The Cooking the Books column from the September 2017 issue of the Socialist Standard
Venezuela. Another country to add to the long list of failed attempts to make capitalism work in the interest of the excluded majority of wage and salary workers.
It began well enough with the election of the populist army officer, Hugo Chavez, as president in 1999. His government diverted oil revenues (Venezuela has more proven oil reserves than Saudi Arabia) from luxuries for the rich to provide better housing, health care and education and subsidised food for the poor.
He proclaimed himself a socialist and that his government was implementing '21st century socialism'. North American and West European Trotskyists beat the drum for him. Some moved to Venezuela to help build 'socialism' there. For them, this was it. But it didn't last.
With the world-wide slump that followed on from the crash of 2008, the demand for oil fell and so too did its price. The Venezuelan government resorted to printing money to maintain its social reforms and then to price controls to try to prevent the inevitable rise in prices this led to. A black market developed. The currency depreciated and import controls were introduced. Venezuela ended up with a siege economy.
Chavez died in 2013 and his successor, Nicolas Maduro, was left to pick up the pieces and face the growing discontent of the better-paid workers.
For apologists for ordinary capitalism, Venezuela represents another failure of socialism. According to the obnoxious Tory MEP Daniel Hannan, writing in the Sun (3 August), 'Venezuela isn't remote from socialism. It's a textbook example. Chavez and Maduro set out to replace the market with a system of state production and distribution.'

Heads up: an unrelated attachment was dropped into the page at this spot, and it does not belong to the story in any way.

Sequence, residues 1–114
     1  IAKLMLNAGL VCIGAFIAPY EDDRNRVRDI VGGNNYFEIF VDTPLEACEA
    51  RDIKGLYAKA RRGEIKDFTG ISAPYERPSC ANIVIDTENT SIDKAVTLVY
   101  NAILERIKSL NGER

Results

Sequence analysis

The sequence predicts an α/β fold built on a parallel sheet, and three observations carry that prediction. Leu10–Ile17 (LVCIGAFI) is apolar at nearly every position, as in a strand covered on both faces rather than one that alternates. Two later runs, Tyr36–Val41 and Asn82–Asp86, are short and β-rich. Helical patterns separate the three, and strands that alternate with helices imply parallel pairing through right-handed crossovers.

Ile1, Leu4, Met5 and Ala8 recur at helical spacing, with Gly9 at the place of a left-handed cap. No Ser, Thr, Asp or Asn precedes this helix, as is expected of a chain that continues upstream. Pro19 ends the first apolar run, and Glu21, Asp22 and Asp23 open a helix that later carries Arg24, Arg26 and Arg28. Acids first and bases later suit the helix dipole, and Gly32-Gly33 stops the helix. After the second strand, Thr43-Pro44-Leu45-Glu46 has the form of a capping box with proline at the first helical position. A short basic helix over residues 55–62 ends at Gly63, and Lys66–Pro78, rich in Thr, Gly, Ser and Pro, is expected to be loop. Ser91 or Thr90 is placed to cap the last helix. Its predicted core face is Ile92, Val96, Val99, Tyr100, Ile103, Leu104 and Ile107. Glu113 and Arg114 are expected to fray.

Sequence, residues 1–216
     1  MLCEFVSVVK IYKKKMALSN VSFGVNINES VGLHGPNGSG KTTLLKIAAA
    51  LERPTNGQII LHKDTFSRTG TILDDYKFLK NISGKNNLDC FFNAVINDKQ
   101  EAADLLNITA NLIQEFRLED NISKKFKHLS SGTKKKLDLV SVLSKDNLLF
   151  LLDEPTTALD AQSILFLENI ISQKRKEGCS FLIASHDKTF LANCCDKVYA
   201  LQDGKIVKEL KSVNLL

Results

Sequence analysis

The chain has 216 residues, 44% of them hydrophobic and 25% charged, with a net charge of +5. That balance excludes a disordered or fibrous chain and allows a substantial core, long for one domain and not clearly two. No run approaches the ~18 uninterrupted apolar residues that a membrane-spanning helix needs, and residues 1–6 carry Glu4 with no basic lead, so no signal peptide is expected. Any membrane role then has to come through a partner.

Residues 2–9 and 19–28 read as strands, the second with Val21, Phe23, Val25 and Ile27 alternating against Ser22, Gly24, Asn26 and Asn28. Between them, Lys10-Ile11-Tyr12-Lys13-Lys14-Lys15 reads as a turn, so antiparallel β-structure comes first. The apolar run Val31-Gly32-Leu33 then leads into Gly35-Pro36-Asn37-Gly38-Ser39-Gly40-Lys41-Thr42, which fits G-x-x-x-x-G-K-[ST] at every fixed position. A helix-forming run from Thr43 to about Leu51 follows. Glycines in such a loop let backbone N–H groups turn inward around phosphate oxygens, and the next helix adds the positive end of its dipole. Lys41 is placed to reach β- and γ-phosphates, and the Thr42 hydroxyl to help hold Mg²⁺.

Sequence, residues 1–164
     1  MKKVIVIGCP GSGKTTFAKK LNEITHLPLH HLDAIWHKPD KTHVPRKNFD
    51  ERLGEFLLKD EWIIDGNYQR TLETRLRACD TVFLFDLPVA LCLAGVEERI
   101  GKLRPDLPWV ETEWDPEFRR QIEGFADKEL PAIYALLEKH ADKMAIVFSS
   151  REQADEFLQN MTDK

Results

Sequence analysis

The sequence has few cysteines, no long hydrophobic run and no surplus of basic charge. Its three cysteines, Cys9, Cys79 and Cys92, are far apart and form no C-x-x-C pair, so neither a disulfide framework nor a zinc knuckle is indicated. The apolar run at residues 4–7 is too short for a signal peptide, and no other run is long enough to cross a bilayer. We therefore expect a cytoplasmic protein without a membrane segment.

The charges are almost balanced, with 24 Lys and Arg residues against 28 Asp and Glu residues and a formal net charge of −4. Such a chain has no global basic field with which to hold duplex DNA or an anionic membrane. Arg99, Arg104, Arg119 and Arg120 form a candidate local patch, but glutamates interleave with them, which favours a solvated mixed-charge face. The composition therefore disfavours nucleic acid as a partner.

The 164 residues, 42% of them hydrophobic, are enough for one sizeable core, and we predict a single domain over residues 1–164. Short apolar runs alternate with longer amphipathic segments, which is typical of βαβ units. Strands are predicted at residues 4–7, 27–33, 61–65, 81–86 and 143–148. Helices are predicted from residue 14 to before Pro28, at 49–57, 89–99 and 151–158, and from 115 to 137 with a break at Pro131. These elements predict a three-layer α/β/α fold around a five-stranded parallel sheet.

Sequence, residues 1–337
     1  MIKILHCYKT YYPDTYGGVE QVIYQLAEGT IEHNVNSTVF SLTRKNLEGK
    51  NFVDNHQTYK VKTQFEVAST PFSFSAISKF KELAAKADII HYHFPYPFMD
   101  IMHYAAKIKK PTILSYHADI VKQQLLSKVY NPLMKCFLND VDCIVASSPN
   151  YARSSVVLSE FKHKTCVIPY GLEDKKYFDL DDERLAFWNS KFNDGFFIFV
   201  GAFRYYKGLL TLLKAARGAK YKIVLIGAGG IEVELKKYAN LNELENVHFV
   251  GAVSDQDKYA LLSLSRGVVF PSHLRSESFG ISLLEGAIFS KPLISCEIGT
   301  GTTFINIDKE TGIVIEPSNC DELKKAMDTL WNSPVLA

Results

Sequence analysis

Actually, they wanted to regulate the market using state intervention to make it work to benefit people especially the poor, not to replace it (not that socialism is a system of state production and distribution, though it will replace the market). Hannan had earlier inadvertently let slip the correct characterisation of the economic system in Venezuela when he quoted Noam Chomsky:
'I never described Chavez's state capitalist government as “socialist” or even hinted at such an absurdity. It was quite remote from socialism.'
Incidentally, this must be the first time that Sun readers have been introduced to the concept of state capitalism. Chomsky, however, was being a bit disingenuous as he is on record as expressing support for what the Venezuelan government was doing. Hannan quotes him as having previously talked of a 'better world' being created there. Taking both of Chomsky’s statements together, they imply that he thinks that a policy of state capitalism can create a better world.
Well, it can't. The most it can do – and did do to an extent in Venezuela – is to bring about a temporary improvement in the living conditions of some workers. The point is that this can't last, because capitalism cannot be made to work to meet people's needs. Pursued over a long period – and the Chavists have been in power for 18 years now – such a policy will fail, creating the sort of economic and political conditions that now exist in Venezuela.
Venezuela represents a failure not of socialism but of government-financed reformism. Yet another.